Baking project experience into a design education

Experience. Real-world experience. Project experience. Research experience. Problem-solving experience. Working-in-a-team experience. UX-design experience.

That’s the kind of experience that hiring managers think is gold. When we talked with managers while doing research for the Unicorn Institute, we found that they were uniformly disappointed with the amount of experience that recent graduates had.

We asked managers which they’d choose: a design-school graduate who had a decent grasp of theory and some solid experience, or a design-school graduate who had an excellent, deep knowledge of theory without any experience. In every case, they said they’d choose the student with the solid experience, even if their theoretical knowledge wasn’t as complete as the other.

Granted, they understood these folks had spent the last two or four years in classes. And many of the graduates were well versed in the theory of great design.

Experience prevents mistakes. It moves things forward. There’s an old saying:

Good judgment comes from experience. Experience comes from bad judgments.

Hiring managers are looking for the glimmer of good judgments from these graduates. The managers don’t need amazing experience. They realize that starting from zero experience is a lot more difficult than starting with some experience.

Experience can’t be layered on top of a design education

Schools are trying to give students experience. They put projects into the classes. They encourage internships.

Unfortunately, the class projects are usually too short and narrowly focused. The students don’t get the breadth of experience needed to complete a real-world UX-design project.

Apprenticeships could also be a great solution (especially thanks to folks working hard on them, like Fred Beecher ). However, today there aren’t enough businesses offering them. It’s hard for a graduate to find one that also pays well enough to help with student loans and post-school expenses.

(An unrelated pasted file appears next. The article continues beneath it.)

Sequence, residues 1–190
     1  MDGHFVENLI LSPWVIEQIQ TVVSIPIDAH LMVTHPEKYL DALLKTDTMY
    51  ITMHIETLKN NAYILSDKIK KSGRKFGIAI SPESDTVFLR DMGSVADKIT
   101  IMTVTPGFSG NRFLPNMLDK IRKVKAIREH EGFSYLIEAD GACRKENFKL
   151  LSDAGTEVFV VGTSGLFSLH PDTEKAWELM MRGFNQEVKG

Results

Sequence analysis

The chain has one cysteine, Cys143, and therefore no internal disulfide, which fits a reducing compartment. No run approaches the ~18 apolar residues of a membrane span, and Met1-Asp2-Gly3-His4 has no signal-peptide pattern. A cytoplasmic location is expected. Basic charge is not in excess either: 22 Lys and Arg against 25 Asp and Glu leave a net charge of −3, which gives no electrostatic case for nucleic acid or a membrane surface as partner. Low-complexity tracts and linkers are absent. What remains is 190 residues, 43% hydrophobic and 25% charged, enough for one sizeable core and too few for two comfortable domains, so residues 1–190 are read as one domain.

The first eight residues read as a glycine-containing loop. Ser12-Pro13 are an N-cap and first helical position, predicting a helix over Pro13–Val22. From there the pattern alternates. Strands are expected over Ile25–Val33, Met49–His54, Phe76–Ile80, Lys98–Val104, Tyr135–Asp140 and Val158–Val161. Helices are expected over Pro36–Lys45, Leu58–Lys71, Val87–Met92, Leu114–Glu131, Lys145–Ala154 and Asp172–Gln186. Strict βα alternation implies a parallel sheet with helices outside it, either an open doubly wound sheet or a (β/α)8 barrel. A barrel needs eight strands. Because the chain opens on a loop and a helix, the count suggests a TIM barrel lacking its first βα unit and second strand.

Internships and apprenticeships layer experience on top of the student’s design education. It’s not baked in. They are not bad (in fact, they are quite valuable), but they won’t work by themselves.

Experience baked into the education

We think the best solution is to build experience into the education, integrating it directly with the studies. To accomplish this, we’ve made long-term projects a core component of the student’s curriculum.

As each Unicorn Institute student learns a new UX-design topic in their classes, they’ll return to an ongoing 3- to 5-month project. Under the guidance of our full-time faculty facilitators, they’ll look at integrating what they just learned into the project work.

These long-term projects will be 60% of the students’ time in school. They’ll see how design projects start. They’ll see them go through the research stage and see first-hand how solutions are chosen. They’ll take the project through the development stage, working with professional developers to implement their ideas and deal with real-world constraints.

In the two years each student will be studying at the Unicorn Institute, they’ll have as many as six of these long-term projects under their belt. That’ll give them a diverse set of experiences they can bring to their first job.

We also give our students experience working with one of our Partner Companies through an internship. But we don’t just lob our students off into space. It’s all connected to the program. We know that these internships will actually give our students quality, real-world experience.

That’s exactly what will make the hiring managers and students excited!